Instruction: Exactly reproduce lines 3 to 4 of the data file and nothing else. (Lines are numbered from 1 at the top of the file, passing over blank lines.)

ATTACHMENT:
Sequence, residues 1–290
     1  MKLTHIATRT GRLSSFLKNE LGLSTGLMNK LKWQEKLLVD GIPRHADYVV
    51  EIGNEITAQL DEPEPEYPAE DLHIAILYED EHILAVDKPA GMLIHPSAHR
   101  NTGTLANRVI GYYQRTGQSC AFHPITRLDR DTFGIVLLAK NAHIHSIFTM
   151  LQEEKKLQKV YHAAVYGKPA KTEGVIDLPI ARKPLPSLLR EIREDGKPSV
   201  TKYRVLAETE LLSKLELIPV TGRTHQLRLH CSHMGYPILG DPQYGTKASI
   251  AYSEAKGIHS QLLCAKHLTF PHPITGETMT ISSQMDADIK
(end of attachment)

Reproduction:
    51  EIGNEITAQL DEPEPEYPAE DLHIAILYED EHILAVDKPA GMLIHPSAHR
   101  NTGTLANRVI GYYQRTGQSC AFHPITRLDR DTFGIVLLAK NAHIHSIFTM